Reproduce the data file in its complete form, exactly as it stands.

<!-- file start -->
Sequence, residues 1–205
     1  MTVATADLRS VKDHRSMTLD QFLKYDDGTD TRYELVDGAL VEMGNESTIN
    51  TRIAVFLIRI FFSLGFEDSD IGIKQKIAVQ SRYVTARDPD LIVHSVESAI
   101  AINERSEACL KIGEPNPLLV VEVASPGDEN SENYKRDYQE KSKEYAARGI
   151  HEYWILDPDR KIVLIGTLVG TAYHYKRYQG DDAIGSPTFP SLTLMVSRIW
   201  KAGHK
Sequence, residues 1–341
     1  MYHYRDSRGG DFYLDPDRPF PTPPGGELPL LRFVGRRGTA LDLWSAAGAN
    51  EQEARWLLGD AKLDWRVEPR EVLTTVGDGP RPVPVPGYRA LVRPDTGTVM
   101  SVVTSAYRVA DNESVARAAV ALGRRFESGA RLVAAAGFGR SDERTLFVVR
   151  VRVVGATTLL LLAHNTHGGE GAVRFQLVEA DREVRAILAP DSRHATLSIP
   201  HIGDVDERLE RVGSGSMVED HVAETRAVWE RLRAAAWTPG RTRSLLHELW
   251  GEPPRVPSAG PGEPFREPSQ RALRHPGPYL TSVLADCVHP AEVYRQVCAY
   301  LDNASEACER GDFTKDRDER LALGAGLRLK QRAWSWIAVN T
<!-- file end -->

Sequence, residues 1–205
     1  MTVATADLRS VKDHRSMTLD QFLKYDDGTD TRYELVDGAL VEMGNESTIN
    51  TRIAVFLIRI FFSLGFEDSD IGIKQKIAVQ SRYVTARDPD LIVHSVESAI
   101  AINERSEACL KIGEPNPLLV VEVASPGDEN SENYKRDYQE KSKEYAARGI
   151  HEYWILDPDR KIVLIGTLVG TAYHYKRYQG DDAIGSPTFP SLTLMVSRIW
   201  KAGHK
Sequence, residues 1–341
     1  MYHYRDSRGG DFYLDPDRPF PTPPGGELPL LRFVGRRGTA LDLWSAAGAN
    51  EQEARWLLGD AKLDWRVEPR EVLTTVGDGP RPVPVPGYRA LVRPDTGTVM
   101  SVVTSAYRVA DNESVARAAV ALGRRFESGA RLVAAAGFGR SDERTLFVVR
   151  VRVVGATTLL LLAHNTHGGE GAVRFQLVEA DREVRAILAP DSRHATLSIP
   201  HIGDVDERLE RVGSGSMVED HVAETRAVWE RLRAAAWTPG RTRSLLHELW
   251  GEPPRVPSAG PGEPFREPSQ RALRHPGPYL TSVLADCVHP AEVYRQVCAY
   301  LDNASEACER GDFTKDRDER LALGAGLRLK QRAWSWIAVN T